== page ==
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travagantly frantic, but the Congregationists and Presbyterians in the United States have gone far a-head of them, and the Methodist church in America has become to a degree Episcopal, and softened down into, perhaps, the most pure, most mild, and most simple of all the creeds professed.

I have said that in these two churches the religious feeling was that of excitement: I believe it to be more or less the case in all religion in America; for the Americans are a people who are prone to excitement, not only from their climate but constitutionally, and it is the caviare of their existence. If it were not so, why is it necessary that revivals should be so continually called forth—a species of stimulus, common, I believe, to almost every sect and creed, promoted and practised in all their colleges, and considered as most important and salutary in their results. .Let it not be supposed that I am depreciating that which is to be understood by a

revival in the true sense of the word; not those revivals which were formerly held for the benefit of all and for the salvation of many: I am raising my voice against the modern system, which has been so universally substituted for the reality; such as has been so fully exposed by Bishop Hopkins, of Vermont, and by Mr. Colton, who says—

“ Religious excitements, called revivals of religion, have been a prominent feature in the history of this country from its earliest periods, more particularly within a hundred years; and the agency of man has always had more or less to do in their management, or in their origination, or in both. Formerly in theory (for man is naturally a philosopher, and will always have his theory for every event and every fact), they were regarded as Pentecostal seasons, as showers from heaven, with which this world below had nothing to do but to receive and be refreshed by them as they came. A whole community, or the great majority of

them, absorbed in serious thoughts about eter

nal things, inquiring the way to heaven, and seeming intent on the attainment of that high and glorious condition, presents a spectacle as solemn as it is interesting to contemplate. Such, doubtless, has been the condition of many communities in the early and later history of American revivals; and it is no less true that the fruits have been the turning of many to God and his ways.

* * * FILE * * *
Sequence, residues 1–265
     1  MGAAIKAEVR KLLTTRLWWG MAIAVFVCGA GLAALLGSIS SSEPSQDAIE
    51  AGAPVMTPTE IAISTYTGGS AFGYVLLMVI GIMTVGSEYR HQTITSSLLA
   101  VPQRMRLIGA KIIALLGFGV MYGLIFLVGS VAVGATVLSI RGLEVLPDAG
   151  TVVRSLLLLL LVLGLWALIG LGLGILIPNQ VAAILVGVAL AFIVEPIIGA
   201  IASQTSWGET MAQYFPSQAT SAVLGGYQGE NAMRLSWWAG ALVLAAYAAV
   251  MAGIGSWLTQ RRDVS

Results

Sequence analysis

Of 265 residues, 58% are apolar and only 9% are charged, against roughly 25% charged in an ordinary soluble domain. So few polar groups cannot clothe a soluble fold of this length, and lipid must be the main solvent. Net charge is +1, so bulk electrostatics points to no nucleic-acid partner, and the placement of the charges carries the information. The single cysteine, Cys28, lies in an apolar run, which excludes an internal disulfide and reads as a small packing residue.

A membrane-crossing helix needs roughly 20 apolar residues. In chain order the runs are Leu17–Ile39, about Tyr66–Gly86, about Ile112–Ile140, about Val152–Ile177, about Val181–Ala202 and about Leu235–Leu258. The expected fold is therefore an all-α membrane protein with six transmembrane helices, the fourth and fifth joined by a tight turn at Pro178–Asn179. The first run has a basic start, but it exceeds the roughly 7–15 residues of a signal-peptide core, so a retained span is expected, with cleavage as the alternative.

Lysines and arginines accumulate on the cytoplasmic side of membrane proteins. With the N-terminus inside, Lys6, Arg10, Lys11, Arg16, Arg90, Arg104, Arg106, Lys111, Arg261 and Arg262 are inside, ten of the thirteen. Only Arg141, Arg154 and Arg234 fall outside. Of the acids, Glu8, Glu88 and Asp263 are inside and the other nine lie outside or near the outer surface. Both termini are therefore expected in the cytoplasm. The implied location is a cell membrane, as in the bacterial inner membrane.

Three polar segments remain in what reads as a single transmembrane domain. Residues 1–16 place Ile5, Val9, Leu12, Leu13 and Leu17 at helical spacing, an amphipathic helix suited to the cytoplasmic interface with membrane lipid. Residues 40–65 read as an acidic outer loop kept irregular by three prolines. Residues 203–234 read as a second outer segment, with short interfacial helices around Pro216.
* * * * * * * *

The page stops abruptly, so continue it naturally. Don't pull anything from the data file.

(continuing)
“ The revivals of the present day are of a very different nature.* There are but two ways by

which the mind of man can be brought to a pro

" The American clergymen are supported in their opinion on the present revivals and their consequences by Doctors Reid and Matheson,who, otherwise favourable to them, observe, “These revival preachers have denounced pastors with whom they could not compare, as ‘ dumb dogs, hypocrites, and formalists, leading their people to hell.’ The consequences have been most disastrous. Churches have become the sport of derision, distraction, and disorder. Pastors have been made unhappy in their dearest connections. So extensive has been this evil that, in one presbytery of nineteen churches, there were only three who had settled pastors; and in one synod, in 1832, of a hundred and three churches, only fiftytwo had pastors.”

per sense of religion—one is by love, and the other by fear; and it is by the latter only that modern revivals become at all efl'ective. Bishop Hopkins says, very truly,—“ Have we any example in the preaching of Christ and his apos. tles of the use of strong individual denunciation?” Is there one sentence in the word of inspiration to justify the attempt to excite the feelings of a public assembly, until every restraint of order is forgotten, and confusion becomes identified with the word of God.”* Yet such are the revivals of the present day as practised in America. Mr. Colton calls them—“ Those startling and astounding shocks which are constantly invented, artfully and habitually applied, under all the power of sympathy, and of 9. studied and enthusiastic elocution, by a large class of preachers among us. To startle and to shock is their great secret—their power.” The same author then proceeds :—

~# “The Primitive Church Compared, &c.” by the Bishop of Vermont;


“Religion is a dread and awful theme in itself. That is, as all must concede, there are revealed truths belonging to the category. To invest these truths with terrors that do not belong to them, by bringing them out in distorted shapes and unnatural forms; to surprise a tender and unfortified mind by one of awful import, without exhibiting the corresponding relief which Christianity has provided; to frighten, shock, and paralyze the mind with alternations and scenes Of horror, carefully concealing the ground Of encouragement and hope, till reason is shaken and hurled from its throne, for the sake of gaining a convert, and in making a convert to make a maniac (as doubtless sometimes occurs under this mode of preaching, for we have the proof of it), involves a fearful responsibility. I have just heard of an interesting girl thus driven to distraction, in the city of New York, at the tender age of fourteen, by being approached by the preacher after a ser

mon of this kind, with a secretary by his side

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